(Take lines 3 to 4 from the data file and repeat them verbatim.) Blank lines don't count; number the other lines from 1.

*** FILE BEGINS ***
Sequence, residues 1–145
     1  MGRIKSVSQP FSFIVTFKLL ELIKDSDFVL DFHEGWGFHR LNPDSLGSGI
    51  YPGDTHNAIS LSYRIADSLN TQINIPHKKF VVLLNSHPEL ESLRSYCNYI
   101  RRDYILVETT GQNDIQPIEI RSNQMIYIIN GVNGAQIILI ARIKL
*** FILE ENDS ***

    51  YPGDTHNAIS LSYRIADSLN TQINIPHKKF VVLLNSHPEL ESLRSYCNYI
   101  RRDYILVETT GQNDIQPIEI RSNQMIYIIN GVNGAQIILI ARIKL